By ROLLIN HU
For The News-Letter
The Hopkins Emergency Response Organization (HERO) is a student-run organization of volunteer student Emergency Medical Technicians (EMTs) who service the University’s Homewood campus. HERO responds to calls from students who might need assistance because of binge drinking and determines whether individuals must go to the hospital.
Freshman Austin Dillow, a HERO member, described the organization’s process of reaching individuals who need medical attention.
“So HERO, they’re going to respond to any emergency that’s on campus which includes the Homewood campus and extends a couple blocks outward. We respond to any medical emergency by any Hopkins students or Hopkins affiliate,” Dillow said. “HERO responds to any situation in which you feel unsafe medically or that you think you need to go to hospital.”
Dillow explained what HERO members do once they are called.
“As an EMT, one of the things that you do is go through primary assessment, checking if the scene is safe: Am I wearing my personal protective equipment? You need to establish what additional resources you need,” Dillow said.
Dillow spoke about the specific responsibilities of EMTs as well.
“An EMT is basic life support so we’re focusing on keeping the airway clear, making sure that the person is breathing, if they are getting proper oxygenation, making sure they have a pulse, make sure they have good circulation, that’s really the basics,” Dillow said. “As an EMT, our scope of practice is pretty limited. The main job is to stabilize the patient and to get the patient to a higher level of care.”
Senior Tom Renner is the Operations Lieutenant for HERO and he further described some of HERO’s policies. He emphasized that HERO’s services are free for all patients.
“HERO is completely volunteer work and we provide our services for free,” Renner said. “If you are to be transported by HERO or evaluated by HERO there is zero cost to you.”
Renner also spoke about the new amnesty provision, part of the University’s updates to its alcohol and party policies, and how it is designed to increase students’ safety.
“In the past, [amnesty] was a gray area. However with this new drug and alcohol amnesty policy starting Jan. 4, there’s specific guidelines that you will see that protect the caller, the organization and the actual patient from getting in trouble with University,” Renner said. “One thing that we want to emphasize is that getting in trouble and getting help are not the same thing.”
Renner also stressed that this new provision is designed to encourage students to call for help when needed and not fear disciplinary action.
“To encourage students to immediately seek necessary medical attention or assistance for themselves or others in need, the University will not impose disciplinary action for a violation of student alcohol or drug policies against individual students or Recognized Student Groups/Organizations when they report to or seek assistance from the University or law enforcement for a medical emergency or condition, or against the student who is [the] subject of such medical emergency or condition,” the updated alcohol policy states.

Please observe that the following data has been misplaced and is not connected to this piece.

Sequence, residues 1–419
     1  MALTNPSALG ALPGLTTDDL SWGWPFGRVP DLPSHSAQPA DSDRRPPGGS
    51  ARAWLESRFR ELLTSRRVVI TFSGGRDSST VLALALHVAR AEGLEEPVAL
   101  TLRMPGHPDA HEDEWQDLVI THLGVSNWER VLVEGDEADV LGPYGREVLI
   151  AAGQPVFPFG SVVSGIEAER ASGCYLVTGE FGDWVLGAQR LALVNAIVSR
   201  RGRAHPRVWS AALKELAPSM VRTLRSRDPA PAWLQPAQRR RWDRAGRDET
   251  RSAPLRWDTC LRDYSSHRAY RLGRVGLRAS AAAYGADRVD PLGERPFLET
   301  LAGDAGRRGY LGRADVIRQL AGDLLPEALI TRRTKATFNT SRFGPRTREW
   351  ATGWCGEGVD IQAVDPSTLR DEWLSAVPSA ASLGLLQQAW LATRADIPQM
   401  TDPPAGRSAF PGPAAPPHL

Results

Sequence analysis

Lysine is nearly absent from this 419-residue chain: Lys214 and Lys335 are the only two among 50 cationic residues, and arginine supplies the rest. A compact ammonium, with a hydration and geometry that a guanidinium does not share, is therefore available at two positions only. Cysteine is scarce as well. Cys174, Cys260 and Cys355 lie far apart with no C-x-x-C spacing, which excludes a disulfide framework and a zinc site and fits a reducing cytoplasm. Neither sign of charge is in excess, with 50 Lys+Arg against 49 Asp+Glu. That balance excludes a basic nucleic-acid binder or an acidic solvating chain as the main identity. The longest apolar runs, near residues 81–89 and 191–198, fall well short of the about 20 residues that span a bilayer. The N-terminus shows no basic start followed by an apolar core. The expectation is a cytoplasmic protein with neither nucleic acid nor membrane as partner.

Renner’s goal is to make sure that students are aware that HERO is a resource on campus to be used and that they are there to provide help.
“Just know that we’re here to help you out. We’re never here to get you in trouble,” Renner said. “When in doubt, call us out. We don’t want people like ‘Oh, did you need help?’ We’ll do a full evaluation on the person and help make a more educated decision on what to do whether they need additional help or not.”
Renner described the types of the cases that HERO has responded to.
“About 30 percent of our calls are alcohol-related. In general, next comes cases like soft issue injury, fractures, dislocations, allergic reactions and anxiety is a big one on campus as you can imagine,” Renner said. “So you name it, we respond to it. We’ve responded to attempted suicides unfortunately, dead people on arrival. It’s sad sometimes, but we all kind of accepted that when we took this position.”
Renner also explained the organization of the group.
“We usually range from 60-70 members and we respond to scenes with four people who are on duty at that time,” Renner said.
Renner also went over how applicants were chosen to be a part of HERO.
“Some of the members that we choose don’t have any medical background, so we are looking for people who show compassion. Basically, we are looking for the type of people you would want your mother to be treated by, somebody that you would trust,” Renner said.
Many members of HERO work on outside ambulances, fire departments and volunteer agencies. HERO also has training opportunities at the Johns Hopkins Hospital.
Renner said that HERO works closely with many administrators, including the Dean of Student Life, and is overseen by Campus Safety and Security.
Both Renner and Dillow spoke positively of their experience working on HERO.
“I enjoy working with the other EMTs on the unit to provide the best quality of care to our patients. The passion members of HERO have is truly amazing,” Renner wrote in an email to The News-Letter.
Dillow was already involved in an EMT organization before coming to Hopkins.
“I was already part of a volunteer rescue squad for about a year and a half… so naturally I wanted to continue doing that work, and HERO is a great opportunity to be able to help out the people on campus,” Dillow said.
Students have a positive view of HERO’s work on campus.
“They’re putting a lot of time and commitment into it, but I hope I’ll never have to require their services,” freshman Lalit Varada said.
Freshman Harsh Wadhwa praised the individuals willing to help peers who need medical attention.
“I think it’s fantastic to know that there’s a group of students on campus willing to devote their time to [assisting] other students in need, especially in this capacity,” he said.